Monday, December 7, 2009

Piltdown Hoax


Science is one of man’s greatest tools--as long as scientists maintain objectivity. When they attempt to cook the books, everyone loses. Man-made global warming, for instance, seems to be an unquestionable tenet among some researchers. At the University of East Anglia, home of England’s Climate Research Unit, purloined emails suggest that climatologists will brook no dissent from their view that man is destroying the planet. Recently, while reading about their heavy-handed attempts to destroy scientists who question man-made global warming, the Piltdown Hoax came to mind.

In 1908, Piltdown, a small village near Lickfield in East Sussex, England, had a few pubs and churches and not much else. It also had a pit where workers sometimes extracted gravel. In their excavations, they would occasionally discover flint carved into tools by early man.

Charles Dawson, a collector of ancient relics, happened by the pit one day. He asked the workers if they had ever found any old bones or skulls. When they told him they hadn’t, he implored them to look out for such things and save them for him. A few months later, Dawson claimed that a worker had indeed found part of a skull. The relic hunter took possession of it, estimating its age at 300,000-years-old.

After several searches of the gravel pit, Dawson gathered a small team of well-known scientists and began to assemble the fragments of bone he claimed to have found there. In 1912, he announced to the world that he had found the skull of a human fused with the jaw of an ape. This, Dawson asserted, was the “missing link.”

The announcement was a sensation. The printed press couldn’t get enough of the story. The skull was called Piltdown Man, and trumpeted as proof that the evolutionists were right.

Since Charles Darwin had published The Origin of Species in 1859, a battle to the death had been raging over the origins of man. Christians believed in the literal accuracy of the Bible while evolutionists declared that humans evolved from apes or ape-like creatures. The debate struck at the core of religion: if man evolved, then the Biblical version of creation was wrong.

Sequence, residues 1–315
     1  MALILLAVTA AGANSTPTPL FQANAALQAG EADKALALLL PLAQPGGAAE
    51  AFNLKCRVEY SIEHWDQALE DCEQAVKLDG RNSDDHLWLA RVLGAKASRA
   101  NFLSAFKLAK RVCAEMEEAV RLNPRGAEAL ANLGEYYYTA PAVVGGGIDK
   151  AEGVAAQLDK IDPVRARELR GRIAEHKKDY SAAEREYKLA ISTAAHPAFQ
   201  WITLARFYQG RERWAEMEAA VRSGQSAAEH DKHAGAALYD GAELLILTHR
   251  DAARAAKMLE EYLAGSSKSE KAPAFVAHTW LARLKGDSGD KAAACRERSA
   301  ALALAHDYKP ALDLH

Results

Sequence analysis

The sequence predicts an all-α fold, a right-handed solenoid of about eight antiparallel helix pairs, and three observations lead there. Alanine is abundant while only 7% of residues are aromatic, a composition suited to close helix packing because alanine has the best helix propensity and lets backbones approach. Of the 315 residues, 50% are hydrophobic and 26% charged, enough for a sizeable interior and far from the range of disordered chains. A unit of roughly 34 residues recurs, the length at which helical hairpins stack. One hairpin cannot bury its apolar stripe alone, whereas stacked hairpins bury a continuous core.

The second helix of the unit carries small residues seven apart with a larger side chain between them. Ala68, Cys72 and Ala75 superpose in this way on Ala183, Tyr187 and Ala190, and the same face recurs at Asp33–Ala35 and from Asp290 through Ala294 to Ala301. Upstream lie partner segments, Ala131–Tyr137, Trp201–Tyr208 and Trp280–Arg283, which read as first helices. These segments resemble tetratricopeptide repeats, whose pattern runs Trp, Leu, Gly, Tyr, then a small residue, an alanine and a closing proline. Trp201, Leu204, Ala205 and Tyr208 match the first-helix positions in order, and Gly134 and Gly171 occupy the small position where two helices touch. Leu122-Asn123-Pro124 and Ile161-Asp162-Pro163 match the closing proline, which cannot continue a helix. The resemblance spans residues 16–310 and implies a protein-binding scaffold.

The press continued to be giddy with excitement. The missing link had been found--Darwin was right all along. But some scientists who had seen the skull complained that the jaw and cranium didn’t match. They couldn’t belong to the same “person.” These skeptics, however, were soon silenced by the outrage of the reputable scientific community. The authenticity of the Piltdown Man could not be challenged.

The skull was donated to the British Museum. Plaster casts were sent to museums and scientists all around the world, but the original skull was placed under lock and key. Scientists who wanted to study the phenomenon could only view the plaster casts.

Between 1920 and 1950, textbooks were re-written. Generations of school-children were taught that man had evolved from apes, and that Piltdown Man provided the proof. Dawson and his fellow-scientists were knighted. As the years rolled by, Piltdown Man became accepted as scientific gospel. Any scientist who dared to raise questions about its authenticity was quickly silenced.

In 1953, a paleontologist and anthropologist who worked at the British Museum was allowed to study the original Piltdown skull. Kenneth Oakley, along with anthropologist Joseph Weiner and anatomy professor Le Gros Clark, tested the fragments with a fluorine solution designed to determine the age of bones. After their tests were run, they concluded that the bones were recent.

On further examination, it turned out that the bone fragments had been deliberately stained with bichromate (a photographic printing ink) so they would appear ancient. Additional testing proved that Piltdown had been faked from top to bottom. In fact, later radiocarbon tests revealed that the cranium was human, and about 600-years-old. The jaw was that of a 500-year-old orangutan.

According to scientists who investigated the affair, all of the bone fragments found at the gravel pit had likely been planted. The whole Piltdown Man episode was a 40-year-old hoax.

Charles Dawson was almost certainly the hoaxer, although some of the scientists who worked with him may have been complicit. All went to their graves praised and acclaimed.

1 comment:

A.M. said...

THANK-YOU for that very informative write up.
It is nice that the bones were scientifically proven to be
from a different time frame. Of course the bones as well as Darwin are from the wrong time frame
as The Holy Bible is True and Correct!
As Always God Bless in Jesus Name!